In terms of the team, further knocks and niggles from the last few weeks may effect the manager's selection again tomorrow but I am hopeful one or two key players can make it. For example, I think Scott Arfield may just start the game and his attacking play would be vital in a team that's struggled to make their scoring chances count of late. Other than that it will be a case of seeing who is fittest, who is most confident and who wants to stand up and be counted for the manager. For all the disappointment of the other night, he will have been pleased with the efforts of Ryan Jack and Ross McCrorie in the middle of the park and they will be important again tomorrow. Meanwhile, Joe Worrall and Andy Halliday did very well in defence for the vast majority of the game against Hibs so we need not risk the likes of Wallace or McAuley.
I also don't expect a change of formation. Many fans are frustrated with the 4-3-3/4-2-3-1 we tend to use but the majority of the time it does work - especially against more expansive opposition - so it would be a surprise to see us change tomorrow. Once again, arguably the biggest decision for the manager will be who to play in the attacking roles. Lafferty played wide left in the game at Celtic Park but didn't do much in an attacking sense. Interestingly Candeias didn't start that game and we seemed to miss his work-rate on the right flank. Will the likes of Kent be a surprise inclusion or should we persevere with the dangerous - though very raw - Glenn Middleton?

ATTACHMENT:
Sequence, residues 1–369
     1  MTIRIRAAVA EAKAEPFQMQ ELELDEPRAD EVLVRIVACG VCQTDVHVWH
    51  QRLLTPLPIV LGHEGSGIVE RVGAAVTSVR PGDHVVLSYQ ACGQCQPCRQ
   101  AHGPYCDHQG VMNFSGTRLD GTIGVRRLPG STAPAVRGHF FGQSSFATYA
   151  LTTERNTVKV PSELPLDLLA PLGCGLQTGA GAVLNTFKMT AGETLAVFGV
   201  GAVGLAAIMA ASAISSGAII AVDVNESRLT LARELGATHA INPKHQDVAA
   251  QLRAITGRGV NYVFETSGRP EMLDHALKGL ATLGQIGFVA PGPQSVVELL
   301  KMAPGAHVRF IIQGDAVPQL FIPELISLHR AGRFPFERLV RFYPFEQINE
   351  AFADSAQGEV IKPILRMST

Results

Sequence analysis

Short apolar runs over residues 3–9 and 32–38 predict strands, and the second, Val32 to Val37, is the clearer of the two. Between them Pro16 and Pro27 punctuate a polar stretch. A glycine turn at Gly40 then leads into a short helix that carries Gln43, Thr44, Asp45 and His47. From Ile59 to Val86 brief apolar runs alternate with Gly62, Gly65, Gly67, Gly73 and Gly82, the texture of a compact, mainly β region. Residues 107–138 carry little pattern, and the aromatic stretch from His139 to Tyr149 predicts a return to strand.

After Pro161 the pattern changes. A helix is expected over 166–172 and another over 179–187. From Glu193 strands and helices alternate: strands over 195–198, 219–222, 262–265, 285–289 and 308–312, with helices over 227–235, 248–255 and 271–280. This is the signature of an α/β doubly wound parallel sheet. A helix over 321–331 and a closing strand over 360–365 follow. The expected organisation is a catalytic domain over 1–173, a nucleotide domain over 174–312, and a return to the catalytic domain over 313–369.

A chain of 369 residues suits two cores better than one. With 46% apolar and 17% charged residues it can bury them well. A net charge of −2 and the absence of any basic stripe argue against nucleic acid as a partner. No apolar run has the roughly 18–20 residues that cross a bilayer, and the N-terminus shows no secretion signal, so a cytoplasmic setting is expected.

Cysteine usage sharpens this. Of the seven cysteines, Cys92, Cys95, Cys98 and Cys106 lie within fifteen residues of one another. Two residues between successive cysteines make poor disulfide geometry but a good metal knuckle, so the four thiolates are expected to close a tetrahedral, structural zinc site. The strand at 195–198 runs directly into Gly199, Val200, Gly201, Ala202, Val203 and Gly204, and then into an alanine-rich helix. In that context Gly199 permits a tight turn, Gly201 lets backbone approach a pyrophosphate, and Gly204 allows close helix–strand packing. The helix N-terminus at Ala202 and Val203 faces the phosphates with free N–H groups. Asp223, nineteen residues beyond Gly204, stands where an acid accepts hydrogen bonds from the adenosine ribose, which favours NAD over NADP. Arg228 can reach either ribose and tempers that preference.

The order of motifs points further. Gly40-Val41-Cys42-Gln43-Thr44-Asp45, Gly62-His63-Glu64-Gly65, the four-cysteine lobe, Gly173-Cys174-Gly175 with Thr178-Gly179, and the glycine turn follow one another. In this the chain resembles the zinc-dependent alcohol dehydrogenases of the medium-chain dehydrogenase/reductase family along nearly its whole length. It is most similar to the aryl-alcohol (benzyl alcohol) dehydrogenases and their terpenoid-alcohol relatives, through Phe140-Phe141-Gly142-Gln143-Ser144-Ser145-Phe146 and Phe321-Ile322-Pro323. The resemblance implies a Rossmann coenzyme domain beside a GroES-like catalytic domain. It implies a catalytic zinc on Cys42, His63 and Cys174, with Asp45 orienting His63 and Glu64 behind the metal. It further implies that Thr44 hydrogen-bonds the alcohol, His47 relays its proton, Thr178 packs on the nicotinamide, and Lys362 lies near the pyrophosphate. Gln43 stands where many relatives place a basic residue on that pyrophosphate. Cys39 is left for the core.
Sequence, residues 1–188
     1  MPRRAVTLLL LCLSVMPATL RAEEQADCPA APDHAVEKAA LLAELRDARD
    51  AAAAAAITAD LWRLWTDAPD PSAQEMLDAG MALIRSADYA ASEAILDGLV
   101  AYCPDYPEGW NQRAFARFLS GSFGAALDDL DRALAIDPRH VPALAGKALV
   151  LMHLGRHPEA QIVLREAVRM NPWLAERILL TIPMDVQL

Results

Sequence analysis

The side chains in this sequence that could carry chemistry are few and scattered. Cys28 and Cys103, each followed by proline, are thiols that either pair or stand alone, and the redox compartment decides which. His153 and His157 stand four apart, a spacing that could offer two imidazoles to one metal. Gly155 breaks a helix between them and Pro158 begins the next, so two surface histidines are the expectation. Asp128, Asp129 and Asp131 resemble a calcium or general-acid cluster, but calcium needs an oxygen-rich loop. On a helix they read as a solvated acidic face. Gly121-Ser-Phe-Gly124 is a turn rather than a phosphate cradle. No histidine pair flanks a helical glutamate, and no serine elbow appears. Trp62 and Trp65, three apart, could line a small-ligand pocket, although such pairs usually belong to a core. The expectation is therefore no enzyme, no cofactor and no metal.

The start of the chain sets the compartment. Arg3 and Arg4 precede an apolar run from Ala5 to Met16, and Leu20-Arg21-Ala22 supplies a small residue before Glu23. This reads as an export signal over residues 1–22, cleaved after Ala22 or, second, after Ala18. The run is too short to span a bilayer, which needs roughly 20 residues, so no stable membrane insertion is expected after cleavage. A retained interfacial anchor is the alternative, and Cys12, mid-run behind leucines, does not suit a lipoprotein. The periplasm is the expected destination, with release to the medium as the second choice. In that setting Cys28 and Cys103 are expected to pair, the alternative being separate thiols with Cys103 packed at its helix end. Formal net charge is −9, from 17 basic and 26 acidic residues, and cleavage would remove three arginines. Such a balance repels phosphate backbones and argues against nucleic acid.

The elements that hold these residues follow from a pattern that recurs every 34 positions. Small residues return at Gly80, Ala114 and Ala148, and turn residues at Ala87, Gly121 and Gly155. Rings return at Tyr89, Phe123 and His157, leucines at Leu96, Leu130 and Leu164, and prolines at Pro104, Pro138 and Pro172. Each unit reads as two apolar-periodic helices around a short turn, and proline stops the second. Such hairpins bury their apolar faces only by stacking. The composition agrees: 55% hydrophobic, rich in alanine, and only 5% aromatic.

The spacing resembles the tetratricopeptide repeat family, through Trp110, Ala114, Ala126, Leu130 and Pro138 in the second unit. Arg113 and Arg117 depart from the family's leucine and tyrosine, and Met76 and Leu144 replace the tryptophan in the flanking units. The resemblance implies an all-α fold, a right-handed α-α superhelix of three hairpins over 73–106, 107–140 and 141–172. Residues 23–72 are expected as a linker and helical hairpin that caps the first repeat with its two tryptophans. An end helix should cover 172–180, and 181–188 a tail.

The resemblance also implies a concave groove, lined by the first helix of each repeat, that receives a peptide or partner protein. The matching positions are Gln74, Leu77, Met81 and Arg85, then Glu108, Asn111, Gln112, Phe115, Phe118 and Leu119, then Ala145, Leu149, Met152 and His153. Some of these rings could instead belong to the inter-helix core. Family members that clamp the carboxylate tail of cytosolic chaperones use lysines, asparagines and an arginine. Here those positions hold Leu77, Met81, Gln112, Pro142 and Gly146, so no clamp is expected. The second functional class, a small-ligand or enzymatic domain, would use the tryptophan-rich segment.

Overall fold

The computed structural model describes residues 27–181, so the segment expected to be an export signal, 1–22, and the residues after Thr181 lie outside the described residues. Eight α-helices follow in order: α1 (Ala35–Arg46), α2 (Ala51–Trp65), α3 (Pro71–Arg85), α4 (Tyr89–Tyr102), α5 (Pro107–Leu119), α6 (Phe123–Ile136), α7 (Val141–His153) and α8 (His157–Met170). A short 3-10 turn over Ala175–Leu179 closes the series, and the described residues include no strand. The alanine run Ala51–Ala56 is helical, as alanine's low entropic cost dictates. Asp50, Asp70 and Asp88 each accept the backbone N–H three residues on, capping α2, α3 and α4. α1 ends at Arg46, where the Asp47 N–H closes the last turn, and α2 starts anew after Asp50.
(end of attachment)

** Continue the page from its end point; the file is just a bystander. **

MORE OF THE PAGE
No matter the team, getting a result against Celtic is a big ask. The remain clear favourites for the SPFL title and, despite some struggles this season, remain a dangerous side full of attacking threat. As such, we'll need to work very hard throughout the team and we simply must take any chances we can create. As fans, we'll also need to be patient, support the side throughout and help the players through this final hurdle ahead of a well deserved few weeks rest and recuperation.
The last six years have been extremely difficult for us all. We're all absolutely desperate to bring back success to the club and often I think that desperation means we can be unreasonable in our expectations. This season has seen us progress and some poor results shouldn't mask that. On the other hand, it would be daft to ignore the issues that persist so the management team has much work to do as we enter 2019. However, we are getting there and we just have to appreciate our return to the top won't happen overnight. If we can add a few new players and some extra much needed quality then we should be even happier by the end of the season.
In the here and now though, a win on Saturday against our oldest rivals would be one large step forward and a huge boost to morale and belief. Here's to one more push before a well earned rest for us all. Let's hope 2019 is a prosperous one!
Possible team (4-2-3-1):